Petition Part V

In response to the Petition Part IV, This is another excerpt of the original Khmer petition letter for the Season of Cambodia Festival. (below is just the English translation version).

[ we believe that the contemporary arts communities and the contemporary artists stand with us to against this unjust system.

Love and Solidarity,

Name of everyone]

………… to be continued.

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Petition Part IV

In response to the Petition Part III, This is another excerpt of the original Khmer petition letter for the Season of Cambodia Festival. (below is just the English translation version).

[ So, we are nominated REAKSMEY Yean, as a representative of artists from Battambang, Siem REAP and Phnom PENH to express on our behalf the disappointments and our concerns at the upcoming community meeting. We reject the representation of Cambodian arts by the festival and especially in the visual arts program, that over periods of time there have not been any consultants with us, the entire arts communities and other artists. ]

………… to be continued.

Petition Part III

In response to the Petition Part II, This is another excerpt of the original Khmer petition letter for the Season of Cambodia Festival. (below is just the English translation version).

[ More than a decade that Khmer contemporary arts have rapidly developed and many artists are now practicing these types of arts.  Some of the artists among us, are almost the important figure in the Cambodian arts history and they have been recognized nationally and internationally. However, these artists are not seen by either the judges or the dignitary of the festival. Reactors’ questions are not responded/decoded by any representatives of either the festival or initiator (CLA). ]

………… to be continued.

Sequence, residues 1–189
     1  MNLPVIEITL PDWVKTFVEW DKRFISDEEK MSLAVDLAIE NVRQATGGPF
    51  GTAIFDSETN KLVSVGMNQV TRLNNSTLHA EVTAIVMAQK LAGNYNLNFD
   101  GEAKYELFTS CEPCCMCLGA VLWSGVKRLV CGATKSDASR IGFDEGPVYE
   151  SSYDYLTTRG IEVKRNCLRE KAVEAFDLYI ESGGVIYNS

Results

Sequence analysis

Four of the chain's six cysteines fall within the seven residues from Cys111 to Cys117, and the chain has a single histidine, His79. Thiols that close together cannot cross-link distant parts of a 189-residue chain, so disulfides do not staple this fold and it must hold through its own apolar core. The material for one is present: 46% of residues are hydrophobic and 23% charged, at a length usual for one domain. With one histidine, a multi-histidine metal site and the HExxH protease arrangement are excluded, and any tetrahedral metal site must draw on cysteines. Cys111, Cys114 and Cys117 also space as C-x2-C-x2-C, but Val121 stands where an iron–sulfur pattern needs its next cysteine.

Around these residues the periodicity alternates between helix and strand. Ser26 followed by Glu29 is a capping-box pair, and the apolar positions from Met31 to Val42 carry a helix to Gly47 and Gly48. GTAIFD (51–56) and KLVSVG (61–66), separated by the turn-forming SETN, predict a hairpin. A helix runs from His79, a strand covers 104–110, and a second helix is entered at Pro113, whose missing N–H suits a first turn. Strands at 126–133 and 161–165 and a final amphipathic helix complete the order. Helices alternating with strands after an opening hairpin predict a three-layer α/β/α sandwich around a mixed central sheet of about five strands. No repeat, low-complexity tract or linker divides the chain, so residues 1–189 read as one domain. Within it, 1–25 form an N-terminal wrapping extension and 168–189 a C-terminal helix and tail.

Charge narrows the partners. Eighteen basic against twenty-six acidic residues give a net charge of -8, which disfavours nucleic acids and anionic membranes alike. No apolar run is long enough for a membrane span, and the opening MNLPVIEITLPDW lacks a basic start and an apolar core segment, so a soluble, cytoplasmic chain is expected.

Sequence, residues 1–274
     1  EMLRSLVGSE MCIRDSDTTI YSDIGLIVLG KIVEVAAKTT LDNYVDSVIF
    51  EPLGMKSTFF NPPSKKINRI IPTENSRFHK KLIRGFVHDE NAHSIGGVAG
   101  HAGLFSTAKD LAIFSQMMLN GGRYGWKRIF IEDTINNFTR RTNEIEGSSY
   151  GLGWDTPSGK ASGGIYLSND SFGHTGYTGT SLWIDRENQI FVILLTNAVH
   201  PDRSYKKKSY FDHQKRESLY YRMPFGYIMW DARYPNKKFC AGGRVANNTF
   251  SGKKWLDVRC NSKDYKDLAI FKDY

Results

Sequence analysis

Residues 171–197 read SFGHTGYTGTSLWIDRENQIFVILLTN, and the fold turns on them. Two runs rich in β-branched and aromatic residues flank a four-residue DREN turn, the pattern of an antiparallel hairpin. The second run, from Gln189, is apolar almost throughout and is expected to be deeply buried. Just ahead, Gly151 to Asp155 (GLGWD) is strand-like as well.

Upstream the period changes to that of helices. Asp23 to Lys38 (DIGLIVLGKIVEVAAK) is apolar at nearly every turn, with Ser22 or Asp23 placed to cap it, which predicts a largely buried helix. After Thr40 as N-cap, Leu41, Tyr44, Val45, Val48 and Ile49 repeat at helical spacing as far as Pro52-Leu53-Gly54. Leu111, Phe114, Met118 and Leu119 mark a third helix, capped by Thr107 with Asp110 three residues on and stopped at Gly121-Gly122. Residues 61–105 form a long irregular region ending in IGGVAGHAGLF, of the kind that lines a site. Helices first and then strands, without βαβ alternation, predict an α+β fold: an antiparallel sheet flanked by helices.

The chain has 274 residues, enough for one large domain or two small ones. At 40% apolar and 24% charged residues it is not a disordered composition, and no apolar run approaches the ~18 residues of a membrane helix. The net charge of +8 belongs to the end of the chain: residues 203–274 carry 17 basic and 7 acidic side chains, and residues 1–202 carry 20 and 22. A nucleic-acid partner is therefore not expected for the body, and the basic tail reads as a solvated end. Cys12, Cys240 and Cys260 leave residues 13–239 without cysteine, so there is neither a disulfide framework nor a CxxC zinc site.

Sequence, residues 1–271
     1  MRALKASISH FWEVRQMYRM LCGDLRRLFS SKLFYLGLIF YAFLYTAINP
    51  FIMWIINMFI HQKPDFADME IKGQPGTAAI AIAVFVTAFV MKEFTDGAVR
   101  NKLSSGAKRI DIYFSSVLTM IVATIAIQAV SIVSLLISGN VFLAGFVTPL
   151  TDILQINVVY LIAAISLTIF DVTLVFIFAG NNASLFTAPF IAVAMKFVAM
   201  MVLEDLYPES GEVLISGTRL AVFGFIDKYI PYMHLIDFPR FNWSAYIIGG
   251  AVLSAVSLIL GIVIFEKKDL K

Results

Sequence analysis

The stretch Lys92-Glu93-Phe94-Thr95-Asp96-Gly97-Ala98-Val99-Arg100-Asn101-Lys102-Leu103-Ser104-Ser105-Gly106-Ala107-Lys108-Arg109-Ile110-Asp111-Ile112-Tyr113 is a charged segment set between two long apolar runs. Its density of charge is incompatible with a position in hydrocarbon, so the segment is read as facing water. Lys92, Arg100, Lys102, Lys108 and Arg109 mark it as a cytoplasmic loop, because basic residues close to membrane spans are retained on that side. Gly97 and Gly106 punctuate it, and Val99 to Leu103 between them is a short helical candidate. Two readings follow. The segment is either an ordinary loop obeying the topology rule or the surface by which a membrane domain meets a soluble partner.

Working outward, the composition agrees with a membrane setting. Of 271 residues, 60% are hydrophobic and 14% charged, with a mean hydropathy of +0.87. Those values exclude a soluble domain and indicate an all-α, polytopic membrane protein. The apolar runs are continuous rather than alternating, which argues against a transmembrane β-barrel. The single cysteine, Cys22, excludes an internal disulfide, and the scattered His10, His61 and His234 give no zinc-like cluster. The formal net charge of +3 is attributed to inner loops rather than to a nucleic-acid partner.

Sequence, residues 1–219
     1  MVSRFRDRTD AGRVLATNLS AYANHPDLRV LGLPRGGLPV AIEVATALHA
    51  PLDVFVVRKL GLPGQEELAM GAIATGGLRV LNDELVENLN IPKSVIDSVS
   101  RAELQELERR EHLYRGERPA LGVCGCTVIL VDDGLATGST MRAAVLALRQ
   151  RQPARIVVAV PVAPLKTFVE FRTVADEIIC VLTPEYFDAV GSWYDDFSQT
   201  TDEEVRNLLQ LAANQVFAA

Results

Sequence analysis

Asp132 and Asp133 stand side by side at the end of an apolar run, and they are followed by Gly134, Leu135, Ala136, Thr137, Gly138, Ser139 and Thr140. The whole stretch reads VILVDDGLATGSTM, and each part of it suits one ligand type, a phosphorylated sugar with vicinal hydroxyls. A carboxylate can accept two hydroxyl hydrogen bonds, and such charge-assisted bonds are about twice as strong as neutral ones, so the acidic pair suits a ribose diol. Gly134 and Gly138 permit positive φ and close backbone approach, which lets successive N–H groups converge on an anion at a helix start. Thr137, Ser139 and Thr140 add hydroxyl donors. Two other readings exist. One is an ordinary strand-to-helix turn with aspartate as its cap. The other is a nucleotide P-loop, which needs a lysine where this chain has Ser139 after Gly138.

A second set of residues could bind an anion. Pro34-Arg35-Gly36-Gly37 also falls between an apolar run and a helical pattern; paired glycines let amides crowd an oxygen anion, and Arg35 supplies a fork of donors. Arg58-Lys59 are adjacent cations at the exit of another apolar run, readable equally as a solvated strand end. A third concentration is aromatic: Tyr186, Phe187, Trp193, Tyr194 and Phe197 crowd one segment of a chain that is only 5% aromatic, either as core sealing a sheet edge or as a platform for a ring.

Petition Part II

In response to the Petition Part I, This is another excerpt of the original Khmer petition letter for the Season of Cambodia Festival. (below is just the English translation version).

[ The organization of the exhibition and the choices of jury by Erin Gleeson, curator and director of Sa Sa BASSAC Gallery and Leeza Ahmady, Independent Arts Curator to show the scale of equity to include the other contemporary and modern artists into the visual arts program. Moreover, this program has never been publicly advertised inside the arts communities and among the artists even though the commencement of the preparation of the festival had start since three years and half already. ]

………… to be continued.

Petition Part I

In response to the Petition Part 0, This is the excerpt of the original Khmer petition letter for the Season of Cambodia Festival. (below is just the English translation version).

March 02, 2013,

[ To:  Executive Producer of Season of Cambodia and Cambodian Living Arts Organization

The undersigned senior/emerging artists and arts leaders reject the system of unfairness, non-transparency and the inappropriate of the Season of Cambodia regarding the choice making for participated artists for the visual arts program as part of the entire of season of Cambodia, which will be held in New York City, The United States of America.]

………… to be continued.

Ladies Magazine reviews “Googlable”

A bilingual (Khmer – English) Ladies Magazine features the controversial poem, “Googlable” in its April issue, a poem influenced by a Bob Dylan song called “Blowing in the Wind”. Googlable provokes us with seven simple questions that we seem to forget, and they bring us back to some in-depth thinking about these simplicities.

Why would anyone think an artist need to be “googlable” before being accepted in the art world? Long before the internet and Google existed, artists were acknowledged by well-known arts institutions because of their vision, talent, and originality. They were mentioned in newspapers or magazines.

Interestingly, these days some curators utilize google as one of the criteria for the selection of artists to invite to their programs and festivals. The more entries on Google, the more international the reputation of the artist.

The world of art is indistinguishable from the fact that its practices are controlled by a so-called standard. But of course no one can define the criteria for that standard, either at the local or international level. Does a standard really exist? Continue reading

Before he’s googlable

How many shows must a man organizes
before they call him artist
How many arts must one man creates
before he is visible
How many awards, artist needs to grant
before he’s googlable
The answer, my friend, is blowin’ in the wind
The answer is blowin’ in the wind

How many awards must one man receives
before he is googlable
How many years can some artists exist
before they’re allowed to be seen
How many times can a curator turn his head
and pretend that he just doesn’t see
The answer, my friend, is blowin’ in the wind
The answer is blowin’ in the wind
Continue reading